What do you do with an extra $65 million? Well, if you’re Steven Ferencz Udvar-Hazy, a Hungarian immigrant who came to the U.S. as a child, and you happen to rank #83 on Forbes’ list of the 400 Richest Americans, you donate it to the Smithsonian to help build the National Air and Space Museum’s Steven F. Udvar-Hazy Center.
Way back in 1953, at the Budapest Air Show, Hazy’s love of flight, well, took flight. An airplane broker by trade, Hazy put himself through UCLA working two lifeguard jobs. He brokered his first airplane deal before graduation, and calls his donation a way to give back, and to foster the same love of flight that he experienced as a boy. Some of today’s young museum visitors may end up inspired to pilot their own Gulfstream V some day, just like Hazy.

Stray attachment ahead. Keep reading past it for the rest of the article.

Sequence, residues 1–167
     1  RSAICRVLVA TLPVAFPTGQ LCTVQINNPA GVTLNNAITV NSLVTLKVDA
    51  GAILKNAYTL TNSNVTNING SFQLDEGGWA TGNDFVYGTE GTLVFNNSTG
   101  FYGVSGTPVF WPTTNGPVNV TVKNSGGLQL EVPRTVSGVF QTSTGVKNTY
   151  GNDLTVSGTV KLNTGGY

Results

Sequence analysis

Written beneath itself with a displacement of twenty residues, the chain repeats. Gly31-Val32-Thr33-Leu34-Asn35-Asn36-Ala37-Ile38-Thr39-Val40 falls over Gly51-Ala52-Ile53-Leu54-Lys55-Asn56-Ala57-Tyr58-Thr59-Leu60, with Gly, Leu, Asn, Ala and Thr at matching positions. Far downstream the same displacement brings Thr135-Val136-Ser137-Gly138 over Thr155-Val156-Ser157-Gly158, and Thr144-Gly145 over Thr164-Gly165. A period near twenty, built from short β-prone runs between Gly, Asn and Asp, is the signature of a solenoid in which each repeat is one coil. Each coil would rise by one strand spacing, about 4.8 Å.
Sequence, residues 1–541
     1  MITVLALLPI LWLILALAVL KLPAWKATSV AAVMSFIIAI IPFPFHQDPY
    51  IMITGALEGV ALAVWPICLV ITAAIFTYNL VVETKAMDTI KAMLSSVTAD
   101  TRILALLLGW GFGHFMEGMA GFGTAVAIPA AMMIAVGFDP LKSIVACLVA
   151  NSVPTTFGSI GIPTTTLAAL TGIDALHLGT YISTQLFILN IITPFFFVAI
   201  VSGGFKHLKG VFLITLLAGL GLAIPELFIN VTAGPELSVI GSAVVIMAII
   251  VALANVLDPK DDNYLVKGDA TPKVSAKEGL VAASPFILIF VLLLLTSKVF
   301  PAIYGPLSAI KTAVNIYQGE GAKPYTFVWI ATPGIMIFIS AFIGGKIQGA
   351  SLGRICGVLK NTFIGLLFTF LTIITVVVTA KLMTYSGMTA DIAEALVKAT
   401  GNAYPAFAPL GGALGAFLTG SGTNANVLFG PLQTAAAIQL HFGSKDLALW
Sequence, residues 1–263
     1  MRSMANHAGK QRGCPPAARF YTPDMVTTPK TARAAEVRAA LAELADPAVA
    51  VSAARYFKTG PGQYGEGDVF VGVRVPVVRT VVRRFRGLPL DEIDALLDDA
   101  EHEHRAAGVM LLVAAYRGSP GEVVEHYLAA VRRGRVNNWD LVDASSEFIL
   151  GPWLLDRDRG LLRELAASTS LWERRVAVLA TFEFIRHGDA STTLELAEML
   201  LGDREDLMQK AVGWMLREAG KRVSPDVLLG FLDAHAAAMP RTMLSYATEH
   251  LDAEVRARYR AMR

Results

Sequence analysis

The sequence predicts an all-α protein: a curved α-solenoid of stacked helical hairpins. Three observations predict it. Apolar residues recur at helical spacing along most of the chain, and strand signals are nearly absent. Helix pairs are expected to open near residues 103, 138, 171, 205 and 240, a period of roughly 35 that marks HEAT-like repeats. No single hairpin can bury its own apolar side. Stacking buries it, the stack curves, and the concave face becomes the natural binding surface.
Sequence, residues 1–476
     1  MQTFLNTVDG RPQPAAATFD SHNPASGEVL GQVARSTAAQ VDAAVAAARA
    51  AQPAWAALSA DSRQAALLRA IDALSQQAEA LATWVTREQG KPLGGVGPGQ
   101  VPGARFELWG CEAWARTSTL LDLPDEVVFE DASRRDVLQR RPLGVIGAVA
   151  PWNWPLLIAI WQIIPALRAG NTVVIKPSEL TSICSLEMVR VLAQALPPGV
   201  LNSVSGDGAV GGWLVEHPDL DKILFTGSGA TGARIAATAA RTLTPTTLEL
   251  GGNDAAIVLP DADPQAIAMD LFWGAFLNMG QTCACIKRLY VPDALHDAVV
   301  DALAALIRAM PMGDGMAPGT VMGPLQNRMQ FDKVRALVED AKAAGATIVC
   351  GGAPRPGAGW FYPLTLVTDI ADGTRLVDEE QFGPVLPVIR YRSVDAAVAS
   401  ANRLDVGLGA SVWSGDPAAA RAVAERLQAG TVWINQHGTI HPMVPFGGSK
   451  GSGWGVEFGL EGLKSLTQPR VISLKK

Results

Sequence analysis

Until then, there’s plenty to see and do at the Udvar-Hazy Center, home to such historic aircraft as a Lockheed SR-71 Blackbird, the Space Shuttle Enterprise, and the Gemini VII capsule. Experience the thrill of piloting your own plane (no license required) or even an orbiter, in the center’s full-motion ride simulator. “Spacewalk 2004 3-D” offers a journey around the International Space Station, and “Wings” puts flight fans behind the controls of some of history’s most famous aircraft. At the James S. McDonnell Space Hanger, you may notice the exposed steel, painted black to simulate space, and the light shining on the Enterprise, which mimics the way the sun shines on the shuttle in orbit. At the Boeing Aviation Hangar (10 stories tall and the length of three football fields!) you’ll be wowed by up-close views of the suspended aircraft, afforded by the elevated walkways.But wait, there’s more! At the 164-foot tall Donald D. Engen Observation Tower make like an air traffic controller or, if you prefer, just enjoy the spectacular eye level views provided by the 360-degree windows, which look out onto two adjacent Dulles International Airport runways. Heights make you nervous? Not to fear, the tower is encased in concrete. Once you’ve had your fill of strolling the museum, rest your dogs at the IMAX theater, where mostly “flight-centric” movies are shown throughout the day and evening.